DVLA mistakenly threatens to revoke legal cannabis user's driving licence
- Credit: Cambridgeshire Constabulary/Contributed
A legal cannabis user said he was "caught off guard" after unexpectedly receiving a letter asking him for proof of his medical condition.
Ryan Specter, of Wilson Place in Poringland, is a UK registered medicinal cannabis patient which he uses to help with his attention deficit hyperactivity disorder (ADHD).
The 27-year-old was sent a letter at the end of last week from the government Driver and Vehicle Licensing Agency (DVLA) enquiring into his fitness to drive.
Mr Specter was asked to submit completed forms with proof of his medical condition within 14 days or his provisional driving licence would be revoked.
The DVLA has said it will be contacting Mr Specter to apologise for the letter.
Mr Specter is prescribed Adven Flos19 by London-based private pharmacist provider Sapphire Medical Clinics.
The legal cannabis user said: "A cannabis naïve patient who may not be aware of this and is pulled over by police will not know how to handle that situation.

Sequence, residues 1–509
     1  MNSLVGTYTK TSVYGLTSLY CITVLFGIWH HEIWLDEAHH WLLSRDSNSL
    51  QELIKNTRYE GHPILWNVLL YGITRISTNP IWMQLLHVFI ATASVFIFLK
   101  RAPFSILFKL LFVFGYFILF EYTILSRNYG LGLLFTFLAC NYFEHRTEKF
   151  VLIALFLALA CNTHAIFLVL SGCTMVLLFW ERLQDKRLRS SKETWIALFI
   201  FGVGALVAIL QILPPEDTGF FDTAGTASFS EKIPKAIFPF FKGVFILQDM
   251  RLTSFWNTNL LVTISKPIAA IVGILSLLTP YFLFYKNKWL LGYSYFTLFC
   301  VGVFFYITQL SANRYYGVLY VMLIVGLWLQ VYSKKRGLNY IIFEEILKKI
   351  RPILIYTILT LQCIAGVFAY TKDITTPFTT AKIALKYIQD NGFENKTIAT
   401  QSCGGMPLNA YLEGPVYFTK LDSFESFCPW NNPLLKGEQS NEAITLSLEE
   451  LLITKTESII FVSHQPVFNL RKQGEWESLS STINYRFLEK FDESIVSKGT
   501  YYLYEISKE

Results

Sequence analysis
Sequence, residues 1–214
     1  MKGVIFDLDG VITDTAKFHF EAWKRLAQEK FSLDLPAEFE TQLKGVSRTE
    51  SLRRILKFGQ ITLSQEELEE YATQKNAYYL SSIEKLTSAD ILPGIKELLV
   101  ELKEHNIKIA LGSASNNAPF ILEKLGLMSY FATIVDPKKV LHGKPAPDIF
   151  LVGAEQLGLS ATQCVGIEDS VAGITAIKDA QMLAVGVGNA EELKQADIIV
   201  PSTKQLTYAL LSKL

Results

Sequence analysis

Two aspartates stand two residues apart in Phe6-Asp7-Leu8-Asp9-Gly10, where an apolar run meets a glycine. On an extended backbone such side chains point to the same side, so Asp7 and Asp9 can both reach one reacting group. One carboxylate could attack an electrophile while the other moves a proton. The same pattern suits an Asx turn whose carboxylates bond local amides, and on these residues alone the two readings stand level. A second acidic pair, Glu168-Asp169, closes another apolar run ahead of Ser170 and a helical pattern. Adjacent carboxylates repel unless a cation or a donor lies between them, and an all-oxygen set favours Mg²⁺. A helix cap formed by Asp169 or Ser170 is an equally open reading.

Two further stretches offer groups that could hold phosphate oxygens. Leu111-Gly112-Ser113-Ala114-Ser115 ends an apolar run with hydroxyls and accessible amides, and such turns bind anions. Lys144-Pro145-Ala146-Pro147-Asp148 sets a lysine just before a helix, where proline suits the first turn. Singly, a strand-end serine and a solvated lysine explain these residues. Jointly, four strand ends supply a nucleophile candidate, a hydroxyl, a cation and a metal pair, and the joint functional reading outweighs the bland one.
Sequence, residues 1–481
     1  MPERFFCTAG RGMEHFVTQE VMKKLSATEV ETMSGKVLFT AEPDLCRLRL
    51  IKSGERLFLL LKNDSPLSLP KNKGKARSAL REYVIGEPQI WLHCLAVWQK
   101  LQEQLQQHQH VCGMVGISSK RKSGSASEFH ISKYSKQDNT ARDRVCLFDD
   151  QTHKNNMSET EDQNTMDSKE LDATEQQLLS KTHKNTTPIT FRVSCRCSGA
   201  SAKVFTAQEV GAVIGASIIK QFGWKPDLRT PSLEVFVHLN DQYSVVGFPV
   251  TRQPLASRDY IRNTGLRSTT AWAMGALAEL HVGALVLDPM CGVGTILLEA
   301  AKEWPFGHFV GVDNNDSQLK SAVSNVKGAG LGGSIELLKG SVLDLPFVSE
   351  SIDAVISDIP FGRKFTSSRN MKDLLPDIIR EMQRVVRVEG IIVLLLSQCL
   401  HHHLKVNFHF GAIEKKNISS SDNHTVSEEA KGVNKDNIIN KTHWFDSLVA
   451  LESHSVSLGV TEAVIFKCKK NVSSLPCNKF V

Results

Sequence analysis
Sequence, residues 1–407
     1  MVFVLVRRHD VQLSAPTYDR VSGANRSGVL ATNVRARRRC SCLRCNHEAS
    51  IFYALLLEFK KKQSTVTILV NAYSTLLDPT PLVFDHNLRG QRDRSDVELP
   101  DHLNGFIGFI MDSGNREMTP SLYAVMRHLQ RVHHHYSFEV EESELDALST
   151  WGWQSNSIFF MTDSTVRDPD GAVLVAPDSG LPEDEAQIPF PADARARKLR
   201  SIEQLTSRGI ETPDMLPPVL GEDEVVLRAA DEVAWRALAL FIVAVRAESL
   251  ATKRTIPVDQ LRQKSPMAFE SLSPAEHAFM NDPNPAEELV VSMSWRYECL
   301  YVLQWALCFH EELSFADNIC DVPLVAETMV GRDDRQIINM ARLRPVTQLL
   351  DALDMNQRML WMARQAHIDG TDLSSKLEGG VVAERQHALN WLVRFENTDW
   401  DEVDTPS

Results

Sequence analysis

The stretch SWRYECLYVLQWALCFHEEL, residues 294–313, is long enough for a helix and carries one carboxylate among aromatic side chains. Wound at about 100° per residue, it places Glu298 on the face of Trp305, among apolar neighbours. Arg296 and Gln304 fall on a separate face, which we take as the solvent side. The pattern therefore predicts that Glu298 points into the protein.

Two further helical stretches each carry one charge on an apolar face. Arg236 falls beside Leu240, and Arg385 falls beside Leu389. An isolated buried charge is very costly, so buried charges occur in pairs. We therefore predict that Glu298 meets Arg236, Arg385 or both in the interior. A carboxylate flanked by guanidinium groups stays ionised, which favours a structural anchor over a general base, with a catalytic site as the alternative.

"They could end up in court or with a fine when they could have otherwise contested it by arguing their reason for using it."
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A spokesman for the DVLA said the letter was sent by mistake.
Mr Specter added such errors are usually a rarity.
And he also emphasised the onus is on the driver not to get behind the wheel in situations where it will affect their ability to operate the vehicle safely.
It comes following an incident which saw his medication seized by police and then later returned to him.
Norfolk Police said they would not be commenting on a complaint to the Professional Standards Department until an outcome is reached.
Government law introduced in 2012 gives the police powers to test and arrest drivers suspected of driving after taking certain controlled drugs in excess of specified levels.
This law also provides a medical defence if a user is taking medicine in accordance with instructions from a healthcare professional.
Legal cannabis users are advised to keep evidence of their prescription medicine by the government in case they are stopped by police.